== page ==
Ex-Australia striker John Aloisi has seen it all as a professional footballer since he left Adelaide City in 1992 to seek fame and fortune in Europe.
Aloisi forged a long career in Belgium, Italy, England and Spain before returning home in 2007 to finish playing in the A-League.
He is one of only a few Australians to have played in a FIFA World Cup, a FIFA Confederations Cup and an AFC Asian Cup.
He is also one of only two Socceroos players to have scored in all three tournaments. The other is Harry Kewell.
Aloisi, whose winning penalty and subsequent semi-strip against Uruguay in 2005 will go down as one of the most enduring images of Australian sport, is now retired as a footballer.
And at the end of the last A-League championship he was given the reins of Melbourne Heart's A-League team after he spent a season coaching its youth side.
It's going to be Aloisi's baptism of fire in the dog-eat-dog world of senior coaching
So is he nervous or does he feel burdened by the big responsibility entrusted him by Heart?
"Not at all, I've got to start some time," he said.
"I'm not overawed by the job because I'm confident about what the club and I are doing as a club.
"We are trying to put across to our players how we want to play, which will be very similar to what we have been doing the past two seasons.
"We will just try to get better at it and make sure we keep improving as a team.
"We've been going in pre-season for six weeks and we play our first trial next Friday night against a Victorian team.
"I'm excited and I can't wait for the season to start now."
Aloisi, who was scoring goals for Heart less than two years ago, said he was shocked by his quick elevation to Heart's senior coaching job.
"If you had asked me in 2010 that I would be coaching a first team in the A-League two years later I would have said 'you've got to be crazy'," he said.
"Last season I was in charge of the youth team and I think because I've been here since the start and I know the club very well that was a good foundation for me.
"John van't Schip has done a great job here along with Jesper Olsen and Ante Milicic while John Didulica makes life very easy for me.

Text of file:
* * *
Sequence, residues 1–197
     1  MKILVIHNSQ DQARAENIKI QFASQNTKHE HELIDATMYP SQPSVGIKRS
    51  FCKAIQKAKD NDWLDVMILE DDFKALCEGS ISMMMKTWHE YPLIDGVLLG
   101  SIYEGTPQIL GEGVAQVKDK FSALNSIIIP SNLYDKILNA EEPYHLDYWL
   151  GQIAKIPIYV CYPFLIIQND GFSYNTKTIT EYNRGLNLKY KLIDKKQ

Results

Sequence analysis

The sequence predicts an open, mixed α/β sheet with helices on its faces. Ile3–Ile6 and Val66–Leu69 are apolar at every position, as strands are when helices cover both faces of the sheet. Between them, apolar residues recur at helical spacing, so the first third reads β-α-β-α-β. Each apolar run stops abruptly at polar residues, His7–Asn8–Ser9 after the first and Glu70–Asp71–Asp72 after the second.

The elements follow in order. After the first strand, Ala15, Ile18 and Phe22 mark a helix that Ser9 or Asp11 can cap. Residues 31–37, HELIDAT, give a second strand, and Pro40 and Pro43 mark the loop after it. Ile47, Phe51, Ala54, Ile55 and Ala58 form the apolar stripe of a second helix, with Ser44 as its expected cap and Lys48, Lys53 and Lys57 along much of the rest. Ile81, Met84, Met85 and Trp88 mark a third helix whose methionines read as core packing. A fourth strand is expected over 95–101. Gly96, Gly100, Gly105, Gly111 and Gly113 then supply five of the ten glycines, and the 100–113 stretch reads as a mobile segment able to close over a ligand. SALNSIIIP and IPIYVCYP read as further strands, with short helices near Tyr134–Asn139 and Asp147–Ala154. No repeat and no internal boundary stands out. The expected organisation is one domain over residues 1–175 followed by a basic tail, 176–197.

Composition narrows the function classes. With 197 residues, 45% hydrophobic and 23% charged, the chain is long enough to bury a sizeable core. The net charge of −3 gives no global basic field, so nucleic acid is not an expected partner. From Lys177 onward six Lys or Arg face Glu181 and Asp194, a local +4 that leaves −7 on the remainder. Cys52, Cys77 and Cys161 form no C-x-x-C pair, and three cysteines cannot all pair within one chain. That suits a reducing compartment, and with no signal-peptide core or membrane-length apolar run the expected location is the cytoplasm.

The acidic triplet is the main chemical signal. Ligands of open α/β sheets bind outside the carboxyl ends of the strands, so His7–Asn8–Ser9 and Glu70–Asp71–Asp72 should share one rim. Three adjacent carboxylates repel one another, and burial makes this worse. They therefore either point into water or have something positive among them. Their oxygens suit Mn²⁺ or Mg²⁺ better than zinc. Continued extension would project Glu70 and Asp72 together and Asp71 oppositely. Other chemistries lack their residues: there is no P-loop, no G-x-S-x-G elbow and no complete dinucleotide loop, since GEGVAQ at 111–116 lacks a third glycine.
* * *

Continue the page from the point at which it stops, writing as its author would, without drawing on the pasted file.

"So it's been an easy transition in that sense.
"Having said that, I would not have been ready to take up a role like Ange Postecoglou has at Melbourne Victory, for example, where he has to do everything.
"I'm coming into a role where everything was virtually put in place for me and my job is to coach and get the best out of my players.
"And, to be honest, I don't think it has been that hard in that sense ... it's going well ... but we haven't played a game yet."
Aloisi refuted suggestions that, as a young coach, he was running the risk of being outsmarted by more experienced coaches like, for example, Postecoglou, John Kosmina, Ian Ferguson, Gary van Egmond and Graham Arnold ... a 36-year-old rookie taking on the sharks of the A-League.
"Who are the sharks?" he asked.
"I'm a great believer in the players that you have.
"And I'm confident in the players we've got.
"There is also that little thing about football knowledge which I'm pretty confident about, too.
"They talk about Ange and other top coaches, which is fair enough.
"Ange did a brilliant job at Brisbane Roar and their football was the best I've seen in Australia.
"But without Thomas Broich, Besart Berisha and a couple of others would he have done as well? I'm not sure.
"That's why I'm saying that big players do make a big difference and I'm lucky enough to have a guy like Fred who can make all the difference. I've also got experienced men in my squad."
Aloisi said he would draw on the best qualities of some top coaches he has had the privilege of working with throughout his career.
"My coach at Osasuna, Javier Aguirre from Mexico, was the best I've worked under," he said.
"He had a great knowledge about the game and made it easy for us to understand what tactics he wanted to use.
"He was just a great man manager and knew how to get the best out of his players.
"Osasuna are a small club and Javier had nowhere near the money Real Madrid, Barcelona or Atletico Madrid had to spend on players yet we always managed go do well in La Liga and stay in it because he was smart at tactics.
"I was lucky enough to work under a few top managers. Terry Venables was good with players and very good tactically, while Guus Hiddink, of course, everybody knows about."
And will John Aoisi be a hands-on type of coach or more of a manager?
"I am a little bit of both," he said.
"There are times when you need to be hands on but on other occasions you have to supervise and delegate to your assistant coaches.
"That's why you have to trust them and carry the workload with them because if you try to do too much it can be bad for you."
Heart chief executive Scott Munn said he was confident that the club had made the right choice of coach.
"John came across as a man with a clear vision about what he wanted to do, particularly with the younger generation," Munn said.
"His clear understanding of the way forward for the club plus his wealth of experience resonated with the selection panel."
Watford or Crystal Palace can still expect to receive £120 million ($204 million) if they are relegated from the English Premier League after just one year of top-flight football.